An announcement by an international team of astronomers about the discovery of phosphine gas in the atmosphere of Venus on Monday triggered global excitement about the possibility of the presence of lifeforms on the neighbouring planet. Apart from being produced in industrial processes, phosphine, a colourless but smelly gas, is known to be made only by some species of bacteria that survive in the absence of oxygen.
In a paper published in Nature Astronomy, a team of scientists have reported traces of phosphine in a concentration of approximately 20 parts per billion, thousands to millions of times more than what could otherwise be expected.
So, is there life on Venus?
No one is saying that as of now. What scientists have discovered is the presence of a chemical which is known to be produced only through biological process, and not through any naturally occurring chemical process. There are some other ways in which this chemical might be produced, for example, in the underbelly of volcanoes or meteorite activity, but that would have shown in much lower concentrations. In any case, scientists have ruled out all those kinds of known possibilities which could be attributed for the presence of that gas.
In fact, this discovery was made in 2017, and the scientists checked and re-checked their data over the last three years before deciding to make it public.
The abstract to their paper in Nature Astronomy says this presence of phosphine is “unexplained” after an exhaustive study of all the possible other sources and “production routes in Venus’s atmosphere, clouds, surface and subsurface, or from lightning, volcanic or meteorite delivery”.
So, the only possible explanation for the origin of this phosphine, based on our current knowledge, could be in the biological processes, the way it is produced on Earth, by some microbes.
During an announcement on Monday, scientists were very careful to emphasise, repeatedly, that this was not a confirmation of the presence of life on Venus.
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Why is it significant then?
This is the most credible evidence yet for the possibility of life away from Earth. Scientists say it is more significant, for example, than the discovery of water on the Moon or Mars.
“In the search for extra-terrestrial life, this is the biggest finding, no doubt. Of course, this cannot be taken to mean that there is indeed life on Venus, or anywhere else, but if you are a scientist looking for life-forms on other planets, I think this is your first real breakthrough,” said Dibyendu Nandi of IISER, Kolkata.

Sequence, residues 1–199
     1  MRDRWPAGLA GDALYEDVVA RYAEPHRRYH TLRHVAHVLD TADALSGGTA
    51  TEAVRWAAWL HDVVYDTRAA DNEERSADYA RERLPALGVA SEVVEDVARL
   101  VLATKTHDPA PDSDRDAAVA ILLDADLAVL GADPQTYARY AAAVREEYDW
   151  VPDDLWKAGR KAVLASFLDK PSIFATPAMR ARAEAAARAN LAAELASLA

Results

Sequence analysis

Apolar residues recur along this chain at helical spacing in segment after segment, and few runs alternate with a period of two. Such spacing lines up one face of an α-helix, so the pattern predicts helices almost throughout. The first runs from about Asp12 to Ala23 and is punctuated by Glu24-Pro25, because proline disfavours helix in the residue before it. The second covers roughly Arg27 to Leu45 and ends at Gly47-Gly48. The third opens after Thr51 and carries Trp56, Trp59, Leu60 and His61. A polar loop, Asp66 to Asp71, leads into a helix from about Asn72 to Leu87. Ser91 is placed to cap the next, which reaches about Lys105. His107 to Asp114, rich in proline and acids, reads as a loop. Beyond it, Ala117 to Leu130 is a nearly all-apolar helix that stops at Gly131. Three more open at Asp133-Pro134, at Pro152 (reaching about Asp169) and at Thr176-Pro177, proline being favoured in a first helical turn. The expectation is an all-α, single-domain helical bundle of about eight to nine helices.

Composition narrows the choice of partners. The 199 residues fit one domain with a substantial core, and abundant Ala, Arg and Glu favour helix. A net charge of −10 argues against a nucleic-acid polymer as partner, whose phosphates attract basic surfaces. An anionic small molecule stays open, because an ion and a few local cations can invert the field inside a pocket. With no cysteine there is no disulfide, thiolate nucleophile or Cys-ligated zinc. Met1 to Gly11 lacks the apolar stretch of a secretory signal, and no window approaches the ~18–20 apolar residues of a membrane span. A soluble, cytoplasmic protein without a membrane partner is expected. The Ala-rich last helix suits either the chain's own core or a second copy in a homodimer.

This is how Professor Sara Seager of the Department of Physics at the Massachusetts Institute of Technology, who is one of the authors of the study, also described the finding. She said the detection of phosphine had raised Venus “higher up on the ladder of interesting targets” where the possible presence of life-forms can be explored.
But Venus cannot support life, can it?
There are several things that we know of about Venus that make life, as we know it, unsustainable on that planet. The temperature of Venus is too high, and its atmosphere is highly acidic, just two of the things that would make life impossible.
But Somak Raychaudhuri, director of Pune-based Inter-University Centre for Astronomy and Astrophysics, suggested that this phosphine could be remnants from a time when Venus was a much more hospitable place.
“Look, this finding opens up many interesting possibilities. We don’t know how long phosphine molecules survive. Also, we know that Venus has not always been as inhospitable as it seems now. So, one of the possibilities, if we would like to explore the question of presence of life on Venus, could be whether this phosphine is actually something remaining from a time when the planet did support life-forms. These are open questions right now. All these will be explored. What we have got now is just a foothold in the door. We can now probe with greater enthusiasm,” he said.
“I would personally not classify this discovery in the same league as the discovery of the first planet, or the recent confirmation of the gravitational waves, for example, but it also certainly not as insipid as some signal of water molecule being found on some planet. In fact, in that way it is bigger than evidence for water. Water is only circumstantially related to life. It is not produced by life. Phosphine is produced by biological processes. So this is significant no doubt, and nothing like this has been discovered till now,” he said.
Varun Bhalerao of IIT Bombay said it was too early to consider this as evidence for extra-terrestrial life. “If you look at the paper they have published, the scientists themselves say something like, look we have found phosphine, but we don’t know whether it means life. It is very interesting, and extra-terrestrial life is certainly plausible, but based on this finding, I don’t think I would hold my breath for microbes on Venus, just yet. Plenty of weird molecules have earlier been found in weird places in space, where they were not expected,” he said.
What can this mean for Venus missions?
The finding can further ignite interest in space missions to Venus. Missions to Venus are not new. Spacecraft have been going near the planet since the 1960s, and some of them have even made a landing. In fact, the Indian Space Research Organisation (ISRO) is also planning a mission to Venus, tentatively called Shukrayaan, in the near future. As of now, the plan is still on the drawing board.
All future missions to Venus would now be attuned to investigating further evidence of the presence of life.
This article first appeared in the print edition on September 15, 2020 under the title ‘Reading life signature on Venus’.
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